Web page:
California Proposition 19 Trust Loan Questions and Answers
If you are staying abreast of updates and news, concerning property tax relief in California, you are most likely aware that there is still some confusion among homeowners as far as where Proposition 58 leaves off and Proposition 19 picks up… with respect to tax breaks like the parent-child exclusion, low tax base issues, and all property tax benefits associated with property inherited from a parent.
We will attempt to dispel some of that homeowner confusion here today through some well worn questions and answers among beneficiaries, estate & tax attorneys, property tax consultants and trust lenders in California.
Q: If we forgot to apply for the parent-to-child exclusion before Feb 16, 2021, can we still qualify for this exclusion anytime thereafter in 2021 to avoid property tax reassessment through Proposition 58 and Prop 193 for the grandparent-grandchild exclusion?
A: As long as the change in ownership of your property from your parent took place on or before Feb 15, 2021, the transfer will qualify for the exclusion under Proposition 58/193. The date of death is the same as the date of the change in ownership. However, bear in mind that your claim has to be filed with your County Assessor within 3 years of the date of transfer (or prior to transfer to a third party) or within six months of the date of notice of “supplemental” or “escape assessment”. So no, your actual claim did not have to be filed by Feb 16, 2021.
Q: Regarding Proposition 19, if I inherit my parent’s family home and move into it as a primary residence, do I have to reside in that house to take advantage of the parent-to-child exclusion? Can I move somewhere else?
A: Apparently at least one beneficiary has to reside full time in that family home in order to avoid property tax reassessment with the parent-child exclusion. Once that property is no longer your full time home it will be reassessed at current market rates.
Q: Property transfers were executed under Prop 58 prior to Prop 19 becoming law on Feb 16, 2021. Is it true that Proposition 58 can also apply to property transfers after Feb 15, 2021?
A: No, it is Proposition 19 that will apply to property transfers after Feb 16, 2021.
Q: How does Proposition 19 affect my inherited property that’s being held in an irrevocable trust?
A: First of all, the trust governs the property. For a home held in trust, tax law states that a change in ownership occurs when real property goes to anyone other than the trustor or the trustor’s spouse or “domestic partner” when a revocable trust becomes irrevocable, and cannot be revised. The date of the decedent’s passing is viewed as the date of change in ownership. Proposition 19 states that Prop 58 applies to transfers that were executed before Feb 15, 2021. Proposition 19 applies to transfers that occur after Feb 16, 2021.
Q: If a family home is given to three sibling beneficiaries as a gift, must all three siblings reside in this home as a primary residence in order to take advantage of the Prop 19 parent-to-child exclusion?
A: As long as at least one sibling inheriting this property continues to live in the home as a primary residence, or principal residence, the exclusion will remain active for that property, and that beneficiary.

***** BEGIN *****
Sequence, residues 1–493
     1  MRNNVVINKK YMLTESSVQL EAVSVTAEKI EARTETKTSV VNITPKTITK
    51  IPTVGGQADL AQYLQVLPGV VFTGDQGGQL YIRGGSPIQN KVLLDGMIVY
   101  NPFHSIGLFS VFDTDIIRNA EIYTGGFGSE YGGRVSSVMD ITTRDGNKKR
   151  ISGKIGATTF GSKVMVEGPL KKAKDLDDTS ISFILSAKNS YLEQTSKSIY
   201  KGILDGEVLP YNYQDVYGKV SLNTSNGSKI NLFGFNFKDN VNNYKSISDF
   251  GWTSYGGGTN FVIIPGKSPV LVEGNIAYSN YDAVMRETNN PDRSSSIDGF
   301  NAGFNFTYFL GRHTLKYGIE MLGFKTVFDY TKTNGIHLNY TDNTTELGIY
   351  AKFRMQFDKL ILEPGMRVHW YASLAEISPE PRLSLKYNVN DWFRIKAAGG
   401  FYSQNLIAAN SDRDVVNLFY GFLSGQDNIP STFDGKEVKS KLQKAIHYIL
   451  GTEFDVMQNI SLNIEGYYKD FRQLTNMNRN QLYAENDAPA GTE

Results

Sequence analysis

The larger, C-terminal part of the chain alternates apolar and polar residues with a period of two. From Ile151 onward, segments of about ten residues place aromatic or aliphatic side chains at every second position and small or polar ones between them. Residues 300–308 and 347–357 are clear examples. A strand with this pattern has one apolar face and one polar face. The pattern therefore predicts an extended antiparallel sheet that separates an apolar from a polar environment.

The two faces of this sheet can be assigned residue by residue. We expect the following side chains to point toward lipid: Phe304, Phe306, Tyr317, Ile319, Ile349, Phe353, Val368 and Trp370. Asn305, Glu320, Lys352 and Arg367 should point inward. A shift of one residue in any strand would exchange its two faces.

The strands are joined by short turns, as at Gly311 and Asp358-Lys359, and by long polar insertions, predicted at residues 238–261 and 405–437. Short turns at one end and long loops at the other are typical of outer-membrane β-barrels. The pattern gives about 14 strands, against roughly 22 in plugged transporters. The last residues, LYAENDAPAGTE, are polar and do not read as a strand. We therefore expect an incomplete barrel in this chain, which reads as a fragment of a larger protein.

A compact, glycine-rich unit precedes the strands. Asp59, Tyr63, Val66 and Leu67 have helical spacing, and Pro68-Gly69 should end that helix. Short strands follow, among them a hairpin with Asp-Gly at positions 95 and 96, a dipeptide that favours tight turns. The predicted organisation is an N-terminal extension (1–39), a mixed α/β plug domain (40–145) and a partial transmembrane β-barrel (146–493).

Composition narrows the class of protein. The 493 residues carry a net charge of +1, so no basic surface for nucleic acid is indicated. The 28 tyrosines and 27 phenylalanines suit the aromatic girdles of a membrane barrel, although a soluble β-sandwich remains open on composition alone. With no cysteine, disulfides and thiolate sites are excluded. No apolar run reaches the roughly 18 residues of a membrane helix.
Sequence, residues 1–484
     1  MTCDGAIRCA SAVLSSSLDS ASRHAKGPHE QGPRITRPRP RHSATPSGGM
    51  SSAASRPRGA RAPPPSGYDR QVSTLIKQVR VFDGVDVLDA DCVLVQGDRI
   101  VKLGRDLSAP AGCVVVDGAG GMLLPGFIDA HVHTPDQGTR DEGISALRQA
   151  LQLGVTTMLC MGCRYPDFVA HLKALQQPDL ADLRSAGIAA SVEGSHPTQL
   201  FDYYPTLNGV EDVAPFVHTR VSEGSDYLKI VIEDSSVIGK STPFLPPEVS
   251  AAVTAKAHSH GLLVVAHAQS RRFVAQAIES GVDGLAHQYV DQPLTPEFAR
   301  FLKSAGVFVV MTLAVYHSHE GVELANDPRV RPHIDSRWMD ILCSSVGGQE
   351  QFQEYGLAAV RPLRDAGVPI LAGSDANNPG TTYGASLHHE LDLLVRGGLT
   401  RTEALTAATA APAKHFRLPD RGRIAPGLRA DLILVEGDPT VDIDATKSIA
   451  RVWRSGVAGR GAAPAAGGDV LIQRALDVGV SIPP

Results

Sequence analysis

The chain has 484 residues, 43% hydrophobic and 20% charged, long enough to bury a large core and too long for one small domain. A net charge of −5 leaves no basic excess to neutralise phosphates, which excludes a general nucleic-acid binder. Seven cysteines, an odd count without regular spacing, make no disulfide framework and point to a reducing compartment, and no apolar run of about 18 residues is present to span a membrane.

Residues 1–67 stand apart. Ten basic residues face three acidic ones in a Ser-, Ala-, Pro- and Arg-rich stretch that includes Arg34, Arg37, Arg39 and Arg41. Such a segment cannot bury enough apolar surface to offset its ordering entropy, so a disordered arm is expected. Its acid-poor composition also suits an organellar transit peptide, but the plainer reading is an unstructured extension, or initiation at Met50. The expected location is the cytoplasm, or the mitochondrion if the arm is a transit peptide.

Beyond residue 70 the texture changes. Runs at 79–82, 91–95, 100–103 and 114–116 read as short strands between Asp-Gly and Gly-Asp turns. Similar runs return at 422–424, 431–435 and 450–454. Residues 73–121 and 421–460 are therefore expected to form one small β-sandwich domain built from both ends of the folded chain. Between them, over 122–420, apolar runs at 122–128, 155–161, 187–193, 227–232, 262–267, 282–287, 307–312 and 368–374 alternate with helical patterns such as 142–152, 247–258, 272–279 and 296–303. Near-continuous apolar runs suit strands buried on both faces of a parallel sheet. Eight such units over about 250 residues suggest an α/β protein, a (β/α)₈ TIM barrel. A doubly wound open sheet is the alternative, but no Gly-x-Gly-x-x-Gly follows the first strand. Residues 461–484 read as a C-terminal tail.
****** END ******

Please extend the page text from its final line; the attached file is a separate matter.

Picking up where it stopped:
Q: Does Proposition 19 apply to a property transfer of a rental home, as Proposition 58 did?
A: No, under Proposition 19 the parent-child exclusion from reassessment applies only to the transfer of a family home that remains the principal residence of the beneficiary that moved in and continues to live there.
Q: If the value of my inherited home is more than $1,000,000 exactly what are Proposition 19 rules and regulations concerning the parent-to-child exclusion?
A: Under Prop 19 it is the sum of the factored base year value plus $1,000,000. Should the assessed value exceed this limit, you can benefit from partial property tax reassessment, or partial property tax relief. The amount greater than the excluded amount would be added to the factored base year value.
Q: If my county Tax Assessor doesn’t know about the passing of my Dad before Feb 16, 2021, and becomes aware of his death 15 months later and so reassesses the property I inherited from my Dad on the date of my Dad’s passing… Is a parent-to-child transfer or parent-to-child exclusion applied through Proposition 58 or Prop 19?
A: The law in effect today tells us that the date of death will apply. It has been made clear that Prop 58 applies to an inherited property transfer from a parent on or before Feb 15, 2021. It’s important to remember that California Proposition 19 applies only to property transfers that go through after Feb 16, 2021.
Q: Now that Prop 58 parent-child exclusion has morphed into Prop 19 property tax breaks, how do I apply for the homeowners’ exemption or disabled veterans’ exemption within 12 months of the transfer to qualify for a parent-to-child exclusion and grandparent-to-grandchild property transfer exemption from fair market property tax rates, as dictated by Prop 19? Who can help me apply for homeowners’ exemption or or disabled veterans’ exemption in my county?
A: To keep it simple, a claim will have to be filed with your County Tax Assessor, who will be on the BOE list of all California Tax Assessors; and who will inform you as to what forms to complete, to apply for the homeowners exemption or disabled veterans exemption.